Tea Party candidates were universally trounced in yesterday’s GOP primaries.
Last night, Senate Minority Leader Mitch McConnell decisively beat his tea party challenger by 24 percentage points. It’s the latest big beat for the tea party, and further proof of a growing trend. While the tea party has been successful when pushing candidates to the right in open seat Republican primaries, they haven’t had any luck kicking out GOP incumbents this year. And they really haven’t come close. In Idaho on Tuesday, Rep. Mike Simpson easily beat his tea party opponent Bryan Smith. Texas Sen. John Cornyn, former chairman of the National Republican Senatorial Committee, won 59 percent of the vote in his March primary. His closest challenger, Rep. Steve Stockman — who vanished to Russia for part of the campaign — won 19 percent of the vote. Dwayne Stovall, who’s claim to fame is his “Turtle Soup” campaign ad, won 11 percent of the vote. In Georgia, former secretary of state Karen Handel, endorsed by Sarah Palin, Ted Cruz and a handful of conservative organizations, did not make it into the Republican primary runoff. Reps. Phil Gingrey and Paul Broun, also tea party favorites, weren’t even close to making the run-off.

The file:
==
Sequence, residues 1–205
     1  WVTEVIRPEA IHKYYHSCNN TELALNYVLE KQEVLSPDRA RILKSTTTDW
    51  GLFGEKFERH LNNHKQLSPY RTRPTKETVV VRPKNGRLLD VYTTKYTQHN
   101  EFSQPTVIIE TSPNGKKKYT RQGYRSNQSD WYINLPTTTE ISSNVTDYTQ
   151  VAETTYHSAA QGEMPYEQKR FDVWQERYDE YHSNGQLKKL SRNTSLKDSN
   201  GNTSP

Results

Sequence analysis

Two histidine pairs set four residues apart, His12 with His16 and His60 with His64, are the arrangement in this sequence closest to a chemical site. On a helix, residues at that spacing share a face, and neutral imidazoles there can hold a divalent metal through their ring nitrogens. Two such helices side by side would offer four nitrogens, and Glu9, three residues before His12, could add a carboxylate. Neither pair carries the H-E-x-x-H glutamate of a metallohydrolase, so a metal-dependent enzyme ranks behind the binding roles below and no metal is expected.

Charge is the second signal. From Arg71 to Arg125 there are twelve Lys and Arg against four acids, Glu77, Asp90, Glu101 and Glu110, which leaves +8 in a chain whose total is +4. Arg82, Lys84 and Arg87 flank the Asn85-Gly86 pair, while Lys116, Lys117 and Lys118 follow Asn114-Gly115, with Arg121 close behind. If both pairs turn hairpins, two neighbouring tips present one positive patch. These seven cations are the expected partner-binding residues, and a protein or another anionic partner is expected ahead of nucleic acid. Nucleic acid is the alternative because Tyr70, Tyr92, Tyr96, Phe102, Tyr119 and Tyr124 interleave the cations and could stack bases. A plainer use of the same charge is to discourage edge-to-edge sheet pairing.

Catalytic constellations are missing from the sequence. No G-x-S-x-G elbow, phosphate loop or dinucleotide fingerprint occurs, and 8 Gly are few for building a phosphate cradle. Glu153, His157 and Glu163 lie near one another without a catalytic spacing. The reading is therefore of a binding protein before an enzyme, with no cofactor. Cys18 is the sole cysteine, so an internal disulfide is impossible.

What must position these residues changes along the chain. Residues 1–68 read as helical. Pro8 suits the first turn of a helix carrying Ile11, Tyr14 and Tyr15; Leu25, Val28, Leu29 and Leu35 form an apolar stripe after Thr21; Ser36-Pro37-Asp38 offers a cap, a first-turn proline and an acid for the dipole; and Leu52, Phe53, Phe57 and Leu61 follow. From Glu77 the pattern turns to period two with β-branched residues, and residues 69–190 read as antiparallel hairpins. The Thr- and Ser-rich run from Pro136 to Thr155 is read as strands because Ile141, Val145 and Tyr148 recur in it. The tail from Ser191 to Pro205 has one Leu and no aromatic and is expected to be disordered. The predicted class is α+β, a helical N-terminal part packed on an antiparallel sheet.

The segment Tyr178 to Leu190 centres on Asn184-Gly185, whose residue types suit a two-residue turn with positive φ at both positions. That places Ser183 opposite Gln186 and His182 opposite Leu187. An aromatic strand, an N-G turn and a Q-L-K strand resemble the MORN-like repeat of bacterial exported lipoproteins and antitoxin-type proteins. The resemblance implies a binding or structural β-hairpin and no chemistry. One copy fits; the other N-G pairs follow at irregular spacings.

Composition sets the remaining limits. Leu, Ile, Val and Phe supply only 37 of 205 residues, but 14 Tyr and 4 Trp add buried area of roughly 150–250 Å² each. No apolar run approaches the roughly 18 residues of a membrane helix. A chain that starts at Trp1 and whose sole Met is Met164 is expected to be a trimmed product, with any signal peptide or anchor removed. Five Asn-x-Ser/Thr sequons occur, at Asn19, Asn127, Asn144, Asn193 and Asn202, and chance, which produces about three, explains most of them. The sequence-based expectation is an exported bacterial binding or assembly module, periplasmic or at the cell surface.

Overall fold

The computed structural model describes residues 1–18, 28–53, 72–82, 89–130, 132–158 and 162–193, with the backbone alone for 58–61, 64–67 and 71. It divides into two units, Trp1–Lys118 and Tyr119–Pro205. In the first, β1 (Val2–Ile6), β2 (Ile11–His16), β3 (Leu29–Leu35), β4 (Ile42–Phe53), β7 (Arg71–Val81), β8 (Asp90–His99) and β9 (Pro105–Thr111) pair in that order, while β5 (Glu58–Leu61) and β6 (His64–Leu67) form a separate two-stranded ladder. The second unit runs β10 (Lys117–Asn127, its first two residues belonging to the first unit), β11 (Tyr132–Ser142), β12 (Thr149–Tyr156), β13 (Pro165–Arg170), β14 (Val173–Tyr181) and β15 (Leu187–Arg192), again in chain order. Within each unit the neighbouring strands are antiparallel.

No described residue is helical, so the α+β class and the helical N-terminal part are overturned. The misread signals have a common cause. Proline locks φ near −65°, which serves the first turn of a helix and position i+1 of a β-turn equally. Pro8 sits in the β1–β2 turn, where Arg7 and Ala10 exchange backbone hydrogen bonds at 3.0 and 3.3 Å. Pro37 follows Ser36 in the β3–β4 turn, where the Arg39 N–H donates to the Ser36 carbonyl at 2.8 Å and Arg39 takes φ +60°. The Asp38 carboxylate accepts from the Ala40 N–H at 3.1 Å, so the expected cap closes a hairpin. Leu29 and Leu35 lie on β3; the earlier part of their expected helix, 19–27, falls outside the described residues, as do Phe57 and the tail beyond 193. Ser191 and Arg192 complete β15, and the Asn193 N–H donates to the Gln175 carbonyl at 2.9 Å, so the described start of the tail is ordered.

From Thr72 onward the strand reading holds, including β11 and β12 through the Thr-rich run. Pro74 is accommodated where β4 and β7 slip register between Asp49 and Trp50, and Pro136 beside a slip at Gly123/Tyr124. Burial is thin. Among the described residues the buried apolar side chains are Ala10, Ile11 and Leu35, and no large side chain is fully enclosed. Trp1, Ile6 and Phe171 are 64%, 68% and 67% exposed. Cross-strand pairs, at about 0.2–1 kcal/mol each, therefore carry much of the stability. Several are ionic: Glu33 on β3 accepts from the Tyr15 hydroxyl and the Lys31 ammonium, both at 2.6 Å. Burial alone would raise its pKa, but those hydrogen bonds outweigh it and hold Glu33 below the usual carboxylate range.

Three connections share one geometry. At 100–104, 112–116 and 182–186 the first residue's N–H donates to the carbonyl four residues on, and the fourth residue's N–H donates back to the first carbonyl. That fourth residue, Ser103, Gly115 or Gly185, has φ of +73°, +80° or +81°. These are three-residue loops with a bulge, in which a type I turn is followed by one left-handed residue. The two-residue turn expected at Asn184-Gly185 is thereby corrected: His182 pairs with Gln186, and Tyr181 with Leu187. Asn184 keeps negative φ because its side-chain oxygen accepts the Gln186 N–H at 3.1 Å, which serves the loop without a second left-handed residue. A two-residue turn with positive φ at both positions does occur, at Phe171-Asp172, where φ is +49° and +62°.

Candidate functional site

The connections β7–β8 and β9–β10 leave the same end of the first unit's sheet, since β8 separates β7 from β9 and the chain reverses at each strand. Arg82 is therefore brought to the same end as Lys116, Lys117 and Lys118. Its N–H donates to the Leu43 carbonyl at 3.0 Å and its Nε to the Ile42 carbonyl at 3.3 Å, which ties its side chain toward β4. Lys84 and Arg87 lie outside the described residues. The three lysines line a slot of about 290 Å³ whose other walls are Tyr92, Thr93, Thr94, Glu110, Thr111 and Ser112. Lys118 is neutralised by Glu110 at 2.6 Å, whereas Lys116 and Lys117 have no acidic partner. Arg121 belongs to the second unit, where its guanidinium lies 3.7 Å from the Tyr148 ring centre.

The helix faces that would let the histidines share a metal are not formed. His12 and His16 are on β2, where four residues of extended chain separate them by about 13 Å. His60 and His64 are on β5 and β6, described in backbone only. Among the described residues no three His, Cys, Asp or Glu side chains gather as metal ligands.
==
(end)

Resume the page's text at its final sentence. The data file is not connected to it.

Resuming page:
Despite all their losses, pundits agree that Tea Party candidates did succeed in pulling relatively mainstream Republicans further to the right.